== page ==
The computers that existed at the time were incredibly demanding to learn how to use. His first piece, “Mild und Leise” was composed using a series of punch cards, and the IBM 3081 mainframe used to make “Idle Chatter” filled an entire room. As a result, the construction of complex pitch relationships became less important to Lansky than learning how to write computer programs to achieve the results he desired, dealing with the nuts and bolts of pure, recorded sound (Cody 19). Importantly, Lansky did not want to listeners to come away from his pieces with more curiosity about the technology used than about the textural aural landscapes he created, which required intensive mastery of the machinery (Perry 45, 57).
The follow-ups to “Idle Chatter” were “just_more_idle_chatter” and “Notjustmoreidlechatter” from 1987 and 1988, respectively. These two pieces were made on the DEC MicroVaxII, which was about the size of a washer and dryer. All three pieces were made using a process called linear predictive coding, an analysis tool that essentially breaks down the digitally recorded human voice into sibilants, plosives, and the remaining buzz of the vocal chords, and granular synthesis, where sounds are broken down into 1 to 50 ms ‘grains’ and then transposed and layered .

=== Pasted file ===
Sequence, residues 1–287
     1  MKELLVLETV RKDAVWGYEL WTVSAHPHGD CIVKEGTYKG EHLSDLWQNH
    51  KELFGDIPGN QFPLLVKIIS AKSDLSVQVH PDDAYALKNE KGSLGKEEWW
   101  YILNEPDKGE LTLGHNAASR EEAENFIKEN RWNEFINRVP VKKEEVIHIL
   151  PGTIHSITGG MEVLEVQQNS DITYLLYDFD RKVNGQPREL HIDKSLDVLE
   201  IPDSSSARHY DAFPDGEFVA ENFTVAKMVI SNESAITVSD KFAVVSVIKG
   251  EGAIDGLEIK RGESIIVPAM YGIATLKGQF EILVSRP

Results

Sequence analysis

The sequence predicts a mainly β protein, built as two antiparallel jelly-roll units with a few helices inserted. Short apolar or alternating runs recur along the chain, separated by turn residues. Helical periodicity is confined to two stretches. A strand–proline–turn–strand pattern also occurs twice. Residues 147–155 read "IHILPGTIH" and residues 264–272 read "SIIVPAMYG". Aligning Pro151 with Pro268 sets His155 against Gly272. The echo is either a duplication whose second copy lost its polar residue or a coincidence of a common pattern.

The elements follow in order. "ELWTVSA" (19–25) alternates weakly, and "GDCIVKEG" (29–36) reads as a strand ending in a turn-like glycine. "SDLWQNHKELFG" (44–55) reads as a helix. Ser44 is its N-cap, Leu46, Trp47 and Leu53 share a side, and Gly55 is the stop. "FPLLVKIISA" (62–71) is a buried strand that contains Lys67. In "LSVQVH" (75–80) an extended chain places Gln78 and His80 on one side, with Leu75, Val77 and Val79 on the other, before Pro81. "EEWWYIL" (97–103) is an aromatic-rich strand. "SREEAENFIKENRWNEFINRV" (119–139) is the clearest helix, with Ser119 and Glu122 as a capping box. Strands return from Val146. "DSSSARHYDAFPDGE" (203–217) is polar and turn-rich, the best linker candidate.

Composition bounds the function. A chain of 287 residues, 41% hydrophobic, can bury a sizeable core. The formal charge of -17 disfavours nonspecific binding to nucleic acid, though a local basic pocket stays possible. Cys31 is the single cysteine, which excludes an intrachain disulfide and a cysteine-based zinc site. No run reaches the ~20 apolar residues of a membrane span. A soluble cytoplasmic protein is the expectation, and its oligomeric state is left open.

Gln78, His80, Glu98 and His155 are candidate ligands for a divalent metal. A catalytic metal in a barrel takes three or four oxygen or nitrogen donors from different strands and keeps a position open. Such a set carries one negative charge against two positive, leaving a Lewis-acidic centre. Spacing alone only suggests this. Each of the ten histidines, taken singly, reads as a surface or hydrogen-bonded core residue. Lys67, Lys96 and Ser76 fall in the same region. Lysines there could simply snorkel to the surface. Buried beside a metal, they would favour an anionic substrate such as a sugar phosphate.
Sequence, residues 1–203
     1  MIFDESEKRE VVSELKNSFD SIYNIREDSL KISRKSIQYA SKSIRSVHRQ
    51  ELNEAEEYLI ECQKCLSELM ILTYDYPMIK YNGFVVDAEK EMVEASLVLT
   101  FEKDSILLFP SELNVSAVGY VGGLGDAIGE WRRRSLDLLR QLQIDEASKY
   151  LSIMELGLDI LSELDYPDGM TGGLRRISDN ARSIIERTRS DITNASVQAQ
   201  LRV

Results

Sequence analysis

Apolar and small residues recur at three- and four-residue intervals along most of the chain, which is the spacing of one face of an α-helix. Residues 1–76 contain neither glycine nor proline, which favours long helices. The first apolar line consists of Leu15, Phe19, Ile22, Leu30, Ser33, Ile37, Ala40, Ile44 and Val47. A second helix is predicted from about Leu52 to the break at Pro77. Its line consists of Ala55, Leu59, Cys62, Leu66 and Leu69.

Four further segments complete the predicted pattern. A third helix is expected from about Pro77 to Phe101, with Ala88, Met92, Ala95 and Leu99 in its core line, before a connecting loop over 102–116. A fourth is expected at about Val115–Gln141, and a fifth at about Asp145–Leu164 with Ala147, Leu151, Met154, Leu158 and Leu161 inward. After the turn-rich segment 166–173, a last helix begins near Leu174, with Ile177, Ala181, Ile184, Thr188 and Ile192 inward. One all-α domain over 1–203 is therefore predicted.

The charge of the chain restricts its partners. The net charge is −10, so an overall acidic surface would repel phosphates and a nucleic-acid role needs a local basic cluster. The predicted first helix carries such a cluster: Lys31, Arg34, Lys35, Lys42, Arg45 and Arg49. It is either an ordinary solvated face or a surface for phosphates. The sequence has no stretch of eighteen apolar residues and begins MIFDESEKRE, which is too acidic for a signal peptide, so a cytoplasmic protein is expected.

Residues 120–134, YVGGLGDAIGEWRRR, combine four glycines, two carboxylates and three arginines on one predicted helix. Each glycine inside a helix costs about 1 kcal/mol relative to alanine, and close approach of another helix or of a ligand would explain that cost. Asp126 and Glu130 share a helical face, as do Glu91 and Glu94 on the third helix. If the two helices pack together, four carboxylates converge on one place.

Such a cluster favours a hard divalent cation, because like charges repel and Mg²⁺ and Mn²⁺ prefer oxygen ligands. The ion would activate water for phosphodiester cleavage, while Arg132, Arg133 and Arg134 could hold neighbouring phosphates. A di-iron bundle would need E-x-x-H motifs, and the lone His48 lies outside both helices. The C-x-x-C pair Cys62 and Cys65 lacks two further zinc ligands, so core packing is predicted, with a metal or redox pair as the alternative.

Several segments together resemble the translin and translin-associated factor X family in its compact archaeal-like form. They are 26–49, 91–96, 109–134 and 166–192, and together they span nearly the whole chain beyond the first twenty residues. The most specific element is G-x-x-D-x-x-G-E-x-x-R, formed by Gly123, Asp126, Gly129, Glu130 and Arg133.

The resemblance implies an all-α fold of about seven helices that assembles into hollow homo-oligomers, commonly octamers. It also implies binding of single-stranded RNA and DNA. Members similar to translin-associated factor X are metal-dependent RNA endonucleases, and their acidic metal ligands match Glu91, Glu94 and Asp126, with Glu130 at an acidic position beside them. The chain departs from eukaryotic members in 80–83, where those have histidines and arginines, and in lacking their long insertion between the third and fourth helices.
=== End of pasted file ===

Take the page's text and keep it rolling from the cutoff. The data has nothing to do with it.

Similar to the work of John Cage, Lansky’s goal was to tap into the musicality inherent in common sounds. In his own words, he was “interested in harnessing the world-building power of familiar musical conceptions to enhance our perceptions of the sounds of the world” (Perry 43). All three tracks were produced with the same basic material: samples of the voice of Lansky’s wife Hannah MacKay processed and arranged . Audibly, Lansky became more comfortable with the computers used as time he moved through what could be seen as three attempts at making the definitive version of a track.
Lansky’s Chatter pieces fall in the category of electroacoustic music. As such, any proper analysis of them requires careful attention to texture. For many electroacoustic pieces, this is the only approach listeners can take. Luckily, though, Lansky himself prepared a harmonic outline for “Notjustmoreidlechatter”, so for my discussion, I will be able to address both texture and notation (Forney 892).
Especially on a first listen, the Chatter pieces can be a little overwhelming. All of the sounds heard are either micro-samples of the human voice, or synthetic extrapolations thereof. Though they are a little discombobulating at first, they all have a surreal, ethereal, oddly depressing undercurrent provided by the disembodied ‘background singers’, as Lansky frequently calls them.